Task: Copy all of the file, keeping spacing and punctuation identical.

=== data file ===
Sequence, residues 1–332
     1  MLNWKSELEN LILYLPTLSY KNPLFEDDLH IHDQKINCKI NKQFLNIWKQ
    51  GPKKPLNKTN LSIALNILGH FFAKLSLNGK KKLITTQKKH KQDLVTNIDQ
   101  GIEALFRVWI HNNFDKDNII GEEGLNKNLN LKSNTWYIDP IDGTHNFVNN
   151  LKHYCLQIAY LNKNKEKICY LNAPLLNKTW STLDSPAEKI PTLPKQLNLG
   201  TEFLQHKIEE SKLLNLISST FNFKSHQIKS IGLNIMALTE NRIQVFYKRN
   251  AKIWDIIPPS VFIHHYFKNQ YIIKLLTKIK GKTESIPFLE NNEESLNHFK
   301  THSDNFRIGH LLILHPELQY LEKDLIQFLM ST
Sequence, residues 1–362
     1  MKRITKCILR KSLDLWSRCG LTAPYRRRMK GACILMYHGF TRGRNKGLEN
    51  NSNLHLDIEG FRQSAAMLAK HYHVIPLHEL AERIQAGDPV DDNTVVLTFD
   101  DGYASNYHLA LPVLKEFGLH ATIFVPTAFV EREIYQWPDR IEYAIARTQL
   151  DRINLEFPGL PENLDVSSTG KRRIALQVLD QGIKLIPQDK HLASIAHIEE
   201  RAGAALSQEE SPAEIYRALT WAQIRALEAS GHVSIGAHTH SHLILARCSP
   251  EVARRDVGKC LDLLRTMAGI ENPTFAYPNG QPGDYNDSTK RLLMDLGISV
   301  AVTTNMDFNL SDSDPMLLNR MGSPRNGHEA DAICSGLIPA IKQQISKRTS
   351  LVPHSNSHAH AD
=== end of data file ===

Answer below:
Sequence, residues 1–332
     1  MLNWKSELEN LILYLPTLSY KNPLFEDDLH IHDQKINCKI NKQFLNIWKQ
    51  GPKKPLNKTN LSIALNILGH FFAKLSLNGK KKLITTQKKH KQDLVTNIDQ
   101  GIEALFRVWI HNNFDKDNII GEEGLNKNLN LKSNTWYIDP IDGTHNFVNN
   151  LKHYCLQIAY LNKNKEKICY LNAPLLNKTW STLDSPAEKI PTLPKQLNLG
   201  TEFLQHKIEE SKLLNLISST FNFKSHQIKS IGLNIMALTE NRIQVFYKRN
   251  AKIWDIIPPS VFIHHYFKNQ YIIKLLTKIK GKTESIPFLE NNEESLNHFK
   301  THSDNFRIGH LLILHPELQY LEKDLIQFLM ST
Sequence, residues 1–362
     1  MKRITKCILR KSLDLWSRCG LTAPYRRRMK GACILMYHGF TRGRNKGLEN
    51  NSNLHLDIEG FRQSAAMLAK HYHVIPLHEL AERIQAGDPV DDNTVVLTFD
   101  DGYASNYHLA LPVLKEFGLH ATIFVPTAFV EREIYQWPDR IEYAIARTQL
   151  DRINLEFPGL PENLDVSSTG KRRIALQVLD QGIKLIPQDK HLASIAHIEE
   201  RAGAALSQEE SPAEIYRALT WAQIRALEAS GHVSIGAHTH SHLILARCSP
   251  EVARRDVGKC LDLLRTMAGI ENPTFAYPNG QPGDYNDSTK RLLMDLGISV
   301  AVTTNMDFNL SDSDPMLLNR MGSPRNGHEA DAICSGLIPA IKQQISKRTS
   351  LVPHSNSHAH AD